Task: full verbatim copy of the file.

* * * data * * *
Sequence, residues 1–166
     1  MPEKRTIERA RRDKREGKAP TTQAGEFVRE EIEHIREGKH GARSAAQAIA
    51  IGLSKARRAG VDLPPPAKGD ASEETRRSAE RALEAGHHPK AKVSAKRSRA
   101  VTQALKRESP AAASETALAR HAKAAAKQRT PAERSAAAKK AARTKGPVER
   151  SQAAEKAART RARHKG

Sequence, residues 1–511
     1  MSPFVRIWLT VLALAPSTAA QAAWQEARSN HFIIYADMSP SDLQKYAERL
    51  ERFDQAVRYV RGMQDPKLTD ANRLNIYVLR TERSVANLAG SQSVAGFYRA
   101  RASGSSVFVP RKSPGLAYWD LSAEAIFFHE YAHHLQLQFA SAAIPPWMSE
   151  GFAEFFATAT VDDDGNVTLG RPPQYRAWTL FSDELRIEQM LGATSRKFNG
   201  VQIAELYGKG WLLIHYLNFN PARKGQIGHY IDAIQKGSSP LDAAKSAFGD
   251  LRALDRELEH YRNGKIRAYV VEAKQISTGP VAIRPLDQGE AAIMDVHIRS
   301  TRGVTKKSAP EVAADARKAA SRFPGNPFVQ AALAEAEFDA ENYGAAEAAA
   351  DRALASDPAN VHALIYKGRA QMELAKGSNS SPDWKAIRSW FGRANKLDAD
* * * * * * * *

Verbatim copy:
Sequence, residues 1–166
     1  MPEKRTIERA RRDKREGKAP TTQAGEFVRE EIEHIREGKH GARSAAQAIA
    51  IGLSKARRAG VDLPPPAKGD ASEETRRSAE RALEAGHHPK AKVSAKRSRA
   101  VTQALKRESP AAASETALAR HAKAAAKQRT PAERSAAAKK AARTKGPVER
   151  SQAAEKAART RARHKG

Sequence, residues 1–511
     1  MSPFVRIWLT VLALAPSTAA QAAWQEARSN HFIIYADMSP SDLQKYAERL
    51  ERFDQAVRYV RGMQDPKLTD ANRLNIYVLR TERSVANLAG SQSVAGFYRA
   101  RASGSSVFVP RKSPGLAYWD LSAEAIFFHE YAHHLQLQFA SAAIPPWMSE
   151  GFAEFFATAT VDDDGNVTLG RPPQYRAWTL FSDELRIEQM LGATSRKFNG
   201  VQIAELYGKG WLLIHYLNFN PARKGQIGHY IDAIQKGSSP LDAAKSAFGD
   251  LRALDRELEH YRNGKIRAYV VEAKQISTGP VAIRPLDQGE AAIMDVHIRS
   301  TRGVTKKSAP EVAADARKAA SRFPGNPFVQ AALAEAEFDA ENYGAAEAAA
   351  DRALASDPAN VHALIYKGRA QMELAKGSNS SPDWKAIRSW FGRANKLDAD